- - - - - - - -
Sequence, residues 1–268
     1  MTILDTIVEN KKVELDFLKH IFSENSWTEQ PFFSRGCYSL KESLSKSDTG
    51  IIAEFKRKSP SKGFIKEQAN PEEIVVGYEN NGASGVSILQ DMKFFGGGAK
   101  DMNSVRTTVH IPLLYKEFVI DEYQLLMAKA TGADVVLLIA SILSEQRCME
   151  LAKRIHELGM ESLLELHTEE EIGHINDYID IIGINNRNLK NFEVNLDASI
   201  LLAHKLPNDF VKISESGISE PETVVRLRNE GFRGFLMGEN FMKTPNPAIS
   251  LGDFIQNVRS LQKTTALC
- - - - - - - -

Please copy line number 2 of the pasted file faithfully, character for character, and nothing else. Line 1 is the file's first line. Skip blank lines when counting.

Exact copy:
     1  MTILDTIVEN KKVELDFLKH IFSENSWTEQ PFFSRGCYSL KESLSKSDTG